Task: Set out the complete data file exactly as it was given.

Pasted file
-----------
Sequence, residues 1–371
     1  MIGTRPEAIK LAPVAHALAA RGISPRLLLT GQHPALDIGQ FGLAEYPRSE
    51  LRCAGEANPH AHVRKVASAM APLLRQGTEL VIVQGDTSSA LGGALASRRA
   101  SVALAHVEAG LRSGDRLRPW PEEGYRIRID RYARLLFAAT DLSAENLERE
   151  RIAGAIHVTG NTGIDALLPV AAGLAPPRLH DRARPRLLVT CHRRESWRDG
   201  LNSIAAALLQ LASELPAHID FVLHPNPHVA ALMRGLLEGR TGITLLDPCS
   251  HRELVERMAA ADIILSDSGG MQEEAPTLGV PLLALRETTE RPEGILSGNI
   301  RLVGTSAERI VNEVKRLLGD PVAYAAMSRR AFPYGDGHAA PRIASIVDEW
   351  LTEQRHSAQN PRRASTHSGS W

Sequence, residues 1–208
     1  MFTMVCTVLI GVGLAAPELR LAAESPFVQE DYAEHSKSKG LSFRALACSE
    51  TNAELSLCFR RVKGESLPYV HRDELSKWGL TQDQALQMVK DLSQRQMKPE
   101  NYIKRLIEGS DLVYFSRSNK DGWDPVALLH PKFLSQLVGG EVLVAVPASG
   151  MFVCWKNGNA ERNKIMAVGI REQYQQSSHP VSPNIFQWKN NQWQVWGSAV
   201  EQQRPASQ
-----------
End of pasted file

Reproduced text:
Sequence, residues 1–371
     1  MIGTRPEAIK LAPVAHALAA RGISPRLLLT GQHPALDIGQ FGLAEYPRSE
    51  LRCAGEANPH AHVRKVASAM APLLRQGTEL VIVQGDTSSA LGGALASRRA
   101  SVALAHVEAG LRSGDRLRPW PEEGYRIRID RYARLLFAAT DLSAENLERE
   151  RIAGAIHVTG NTGIDALLPV AAGLAPPRLH DRARPRLLVT CHRRESWRDG
   201  LNSIAAALLQ LASELPAHID FVLHPNPHVA ALMRGLLEGR TGITLLDPCS
   251  HRELVERMAA ADIILSDSGG MQEEAPTLGV PLLALRETTE RPEGILSGNI
   301  RLVGTSAERI VNEVKRLLGD PVAYAAMSRR AFPYGDGHAA PRIASIVDEW
   351  LTEQRHSAQN PRRASTHSGS W

Sequence, residues 1–208
     1  MFTMVCTVLI GVGLAAPELR LAAESPFVQE DYAEHSKSKG LSFRALACSE
    51  TNAELSLCFR RVKGESLPYV HRDELSKWGL TQDQALQMVK DLSQRQMKPE
   101  NYIKRLIEGS DLVYFSRSNK DGWDPVALLH PKFLSQLVGG EVLVAVPASG
   151  MFVCWKNGNA ERNKIMAVGI REQYQQSSHP VSPNIFQWKN NQWQVWGSAV
   201  EQQRPASQ